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Tempest (2 Cassettes)
     

Tempest (2 Cassettes)

3.8 52
by William Shakespeare
 

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O brave new world that has such people in't! - Miranda

A Shakespeare Society Production.

The complete play in five acts.

Overview

O brave new world that has such people in't! - Miranda

A Shakespeare Society Production.

The complete play in five acts.

Editorial Reviews

Publishers Weekly - Publisher's Weekly
Prospero-like in their artistry, Spirin's dazzling watercolors dominate this retelling of Shakespeare's final play. Shaped like altar panels fit for a Renaissance church or palace, the illustrations are romantic, regal and magical, richly interpreting the play's themes of betrayal, revenge and all-conquering love. A wispy ethereal air pervades island scenes, beautifully suggesting the atmosphere of enchantment, while Antonio and the King of Naples are pictured in brocade and velvet, the stench of power upon them. The other characters, too, are both otherworldly and very much flesh and blood. Especially well rendered is the monster Caliban, shown here as part man, part beast, part mythical creature, a sense of evil glee lighting his features. While this prose adaptation does not, of course, retain the full magic of the Bard's work, Beneduce nonetheless provides an intelligent, gripping story. Several passages from Shakespeare introduced at key points give a taste of the original. Symbols and small pictures integrated into the text further enhance the lavish presentation. All ages. (Mar.)
School Library Journal
Gr 3 Up-The play is set circa 1610. Spirin expands Beneduce's retelling by basing his lavish watercolors on Italian Renaissance paintings. Though the pages are carefully framed, highly ornate, and formally structured, there is plenty of leeway for individual imagination to make itself felt. Ariel is a decorative Renaissance angel. Caliban is given piscine characteristics and expressions that evoke the longing as much as the brutishness in his character. And the human characters have the complexity of portraits. Spirin's illustrations highlight the fantastic while Ruth Sanderson's landscapes for Bruce Coville's version of the play (Doubleday, 1994) focus on the effects of nature. Both are valid. Coville's simpler retelling is easier to follow. Beneduce, too, eliminates some of the subplots in order to avoid confusion, but her fuller text manages to incorporate most of the romantic, magical, and political elements. Within the main text, she modernizes the dialogue. This works smoothly for the most part, though it's hard to see how "What a wonderful new world I am about to enter..." is an improvement over "O brave new world..." A few passages of original text are set off in isolated frames, for a sense of the poetry. Readers and potential playgoers will need to see the play performed to experience the comic scenes of Caliban and his cronies. Brief appendixes explain the context in which the play was written and the reteller's choices and give an overview of Shakespeare's life. This is a case in which an acceptably graceful text plays a supporting role to the illustrations. They are worth the price of admission.-Sally Margolis, formerly at Deerfield Public Library, IL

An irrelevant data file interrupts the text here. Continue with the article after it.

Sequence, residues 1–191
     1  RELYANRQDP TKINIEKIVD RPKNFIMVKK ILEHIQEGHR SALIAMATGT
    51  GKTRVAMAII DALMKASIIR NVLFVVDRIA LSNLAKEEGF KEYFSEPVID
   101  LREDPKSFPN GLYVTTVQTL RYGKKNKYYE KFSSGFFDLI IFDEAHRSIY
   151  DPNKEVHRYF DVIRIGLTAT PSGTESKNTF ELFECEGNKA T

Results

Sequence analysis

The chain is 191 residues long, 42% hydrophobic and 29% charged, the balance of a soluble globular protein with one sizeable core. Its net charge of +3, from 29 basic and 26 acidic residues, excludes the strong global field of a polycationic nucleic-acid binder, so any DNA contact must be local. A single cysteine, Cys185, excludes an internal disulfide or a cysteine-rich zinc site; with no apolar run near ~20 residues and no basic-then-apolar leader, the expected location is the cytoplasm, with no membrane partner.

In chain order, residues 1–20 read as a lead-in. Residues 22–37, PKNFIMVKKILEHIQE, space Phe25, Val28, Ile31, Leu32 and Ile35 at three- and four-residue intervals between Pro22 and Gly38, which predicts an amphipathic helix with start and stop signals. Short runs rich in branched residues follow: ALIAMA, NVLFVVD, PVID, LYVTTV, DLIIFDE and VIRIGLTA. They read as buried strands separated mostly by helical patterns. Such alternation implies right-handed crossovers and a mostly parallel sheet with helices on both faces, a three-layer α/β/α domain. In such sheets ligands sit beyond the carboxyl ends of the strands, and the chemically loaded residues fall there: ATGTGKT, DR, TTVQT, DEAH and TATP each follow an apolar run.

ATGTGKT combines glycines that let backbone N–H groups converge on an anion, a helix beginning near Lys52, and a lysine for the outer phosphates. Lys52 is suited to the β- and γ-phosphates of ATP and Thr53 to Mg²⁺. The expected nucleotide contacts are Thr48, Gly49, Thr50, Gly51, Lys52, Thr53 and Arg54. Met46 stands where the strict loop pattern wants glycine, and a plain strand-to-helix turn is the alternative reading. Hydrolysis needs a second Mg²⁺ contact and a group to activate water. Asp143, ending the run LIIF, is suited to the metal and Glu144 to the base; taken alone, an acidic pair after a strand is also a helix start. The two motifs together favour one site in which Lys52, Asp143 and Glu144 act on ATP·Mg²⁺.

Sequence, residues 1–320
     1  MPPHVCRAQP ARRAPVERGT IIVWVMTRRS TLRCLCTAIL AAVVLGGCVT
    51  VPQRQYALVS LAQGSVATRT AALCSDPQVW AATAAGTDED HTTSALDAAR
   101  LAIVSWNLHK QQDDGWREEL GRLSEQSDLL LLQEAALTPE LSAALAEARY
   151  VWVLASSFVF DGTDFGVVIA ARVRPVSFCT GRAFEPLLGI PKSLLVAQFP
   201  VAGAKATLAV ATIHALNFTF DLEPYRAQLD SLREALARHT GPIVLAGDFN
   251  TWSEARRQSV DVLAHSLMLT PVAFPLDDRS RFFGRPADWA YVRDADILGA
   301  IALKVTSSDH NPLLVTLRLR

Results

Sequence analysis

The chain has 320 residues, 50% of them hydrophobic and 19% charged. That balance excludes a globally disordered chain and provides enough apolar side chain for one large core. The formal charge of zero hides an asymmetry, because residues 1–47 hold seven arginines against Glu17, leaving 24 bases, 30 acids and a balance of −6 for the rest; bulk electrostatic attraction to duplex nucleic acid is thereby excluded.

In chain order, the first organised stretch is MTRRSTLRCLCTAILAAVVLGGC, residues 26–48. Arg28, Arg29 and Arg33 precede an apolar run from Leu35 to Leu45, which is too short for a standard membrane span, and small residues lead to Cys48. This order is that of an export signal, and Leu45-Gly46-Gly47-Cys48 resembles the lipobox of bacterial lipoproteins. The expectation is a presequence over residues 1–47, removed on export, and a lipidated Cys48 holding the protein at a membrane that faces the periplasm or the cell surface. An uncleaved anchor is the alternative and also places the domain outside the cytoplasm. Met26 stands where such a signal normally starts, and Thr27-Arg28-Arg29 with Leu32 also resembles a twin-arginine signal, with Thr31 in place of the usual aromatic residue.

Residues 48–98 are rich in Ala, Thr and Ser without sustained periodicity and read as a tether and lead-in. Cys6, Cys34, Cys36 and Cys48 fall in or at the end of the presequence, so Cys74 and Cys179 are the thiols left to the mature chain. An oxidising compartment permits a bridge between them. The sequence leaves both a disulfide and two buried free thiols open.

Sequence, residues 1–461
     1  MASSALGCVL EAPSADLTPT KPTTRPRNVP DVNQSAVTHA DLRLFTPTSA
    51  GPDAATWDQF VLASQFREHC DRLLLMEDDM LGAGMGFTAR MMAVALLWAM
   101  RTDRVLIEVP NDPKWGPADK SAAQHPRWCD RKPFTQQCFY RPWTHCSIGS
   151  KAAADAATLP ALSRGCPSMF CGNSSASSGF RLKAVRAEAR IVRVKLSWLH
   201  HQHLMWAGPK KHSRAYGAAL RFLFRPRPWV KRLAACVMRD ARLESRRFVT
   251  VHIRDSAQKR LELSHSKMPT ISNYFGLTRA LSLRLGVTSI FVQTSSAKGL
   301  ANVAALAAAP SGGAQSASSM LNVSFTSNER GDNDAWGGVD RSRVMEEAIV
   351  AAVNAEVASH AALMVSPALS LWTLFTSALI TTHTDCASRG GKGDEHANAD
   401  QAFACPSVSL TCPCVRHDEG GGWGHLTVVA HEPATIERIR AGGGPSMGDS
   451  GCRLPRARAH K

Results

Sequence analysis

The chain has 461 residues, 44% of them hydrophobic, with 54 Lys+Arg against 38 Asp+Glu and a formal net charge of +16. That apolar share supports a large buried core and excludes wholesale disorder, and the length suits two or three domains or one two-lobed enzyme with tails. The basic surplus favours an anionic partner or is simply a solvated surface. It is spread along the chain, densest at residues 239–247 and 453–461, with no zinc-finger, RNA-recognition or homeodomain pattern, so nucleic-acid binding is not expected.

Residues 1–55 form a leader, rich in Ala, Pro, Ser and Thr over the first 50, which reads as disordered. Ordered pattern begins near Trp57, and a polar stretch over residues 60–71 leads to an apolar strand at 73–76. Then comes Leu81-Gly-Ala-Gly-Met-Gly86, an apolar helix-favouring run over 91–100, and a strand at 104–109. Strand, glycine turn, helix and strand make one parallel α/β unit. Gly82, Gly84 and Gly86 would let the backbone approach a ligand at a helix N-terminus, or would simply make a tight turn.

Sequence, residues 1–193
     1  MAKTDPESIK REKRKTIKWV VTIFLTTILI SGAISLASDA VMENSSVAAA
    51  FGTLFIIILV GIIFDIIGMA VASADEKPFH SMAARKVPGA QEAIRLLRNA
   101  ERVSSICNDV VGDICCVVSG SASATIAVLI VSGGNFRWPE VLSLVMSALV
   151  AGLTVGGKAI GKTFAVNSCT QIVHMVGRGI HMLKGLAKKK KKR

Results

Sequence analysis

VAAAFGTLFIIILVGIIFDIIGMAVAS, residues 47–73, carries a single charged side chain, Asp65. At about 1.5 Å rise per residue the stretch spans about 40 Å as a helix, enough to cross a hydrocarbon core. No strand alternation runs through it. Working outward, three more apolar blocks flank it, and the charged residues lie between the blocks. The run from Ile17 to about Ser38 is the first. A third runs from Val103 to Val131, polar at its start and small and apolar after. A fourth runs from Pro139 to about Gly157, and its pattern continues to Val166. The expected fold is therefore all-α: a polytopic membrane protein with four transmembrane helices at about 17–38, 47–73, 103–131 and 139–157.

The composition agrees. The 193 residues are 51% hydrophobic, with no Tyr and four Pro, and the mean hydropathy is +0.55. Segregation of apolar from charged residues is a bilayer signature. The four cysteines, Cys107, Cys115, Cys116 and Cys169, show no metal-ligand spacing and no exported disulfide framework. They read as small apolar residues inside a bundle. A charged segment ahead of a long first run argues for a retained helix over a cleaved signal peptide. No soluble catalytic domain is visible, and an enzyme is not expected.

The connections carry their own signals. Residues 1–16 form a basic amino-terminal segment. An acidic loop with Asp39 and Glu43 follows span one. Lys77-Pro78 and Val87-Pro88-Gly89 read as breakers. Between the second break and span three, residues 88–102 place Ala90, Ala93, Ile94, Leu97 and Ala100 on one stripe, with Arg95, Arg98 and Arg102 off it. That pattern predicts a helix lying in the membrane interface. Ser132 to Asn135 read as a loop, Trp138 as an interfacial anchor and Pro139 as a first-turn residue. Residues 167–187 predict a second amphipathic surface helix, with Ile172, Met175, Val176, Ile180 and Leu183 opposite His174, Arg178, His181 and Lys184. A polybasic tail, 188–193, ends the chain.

Kirkus Reviews
Beneduce (A Weekend With Winslow Homer, 1993, etc.) retells Shakespeare's play in a text that reads like a fairy tale.

This version emphasizes first the love story between Miranda and Ferdinand and then Prospero's forgiveness of his enemies. Some of the subplots have been eliminated (for reasons given in a careful author's note), but several songs and speeches have been folded into the story, much of which is told in dialogue. Spirin's beautiful watercolors are done in the manner of Renaissance paintings, even to the effect of old varnish affecting the tones. The scenes echo the narrative's focus on the enchantments of the play, presenting beasts worthy of Hieronymous Bosch and gentle spirits to rival the angels of Botticelli. This gorgeous picture book will be particularly useful in high school collections, for the story in the art sets the stage for this Renaissance drama. Recommended for public and school libraries: Not only does it work as a read-alone story but will prepare theatergoers for a performance of the full play.

Product Details

ISBN-13:
9781559940979
Publisher:
HarperCollins Publishers
Publication date:
04/28/1996
Edition description:
Abridged, 2 Cassettes
Product dimensions:
4.58(w) x 7.06(h) x 0.82(d)
Age Range:
14 - 17 Years

Meet the Author

William Shakespeare lived between 1552-1616, but his work endures and is enjoyed the world over.

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The Tempest (Shakespeare in Production Series) 3.8 out of 5 based on 0 ratings. 52 reviews.
Guest More than 1 year ago
....second only to 'The Winters Tale'. The main character serves as an image for a loving father, God Himself even. I was afraid when I took a course on Shakespeare that his stories would be too hard to follow in their old language, but it's really not that hard if you just stay focused and refer to Cliffsnotes whenever you get really lost.
Anonymous More than 1 year ago
Amazing!
Anonymous More than 1 year ago
A total classic i loved it
Anonymous More than 1 year ago
This is awesome because i had a play about it and i didnt even know about it and it helped me my favorite charecter was areal (because she was my part)
Anonymous More than 1 year ago
Not a big fan..
Anonymous More than 1 year ago
A southwest wind blow on ye and blister ye all o'er!
Anonymous More than 1 year ago
I thought it was a good story
Anonymous More than 1 year ago
GO SHAKESPEARE GO!!! YOU ROCK!!!!
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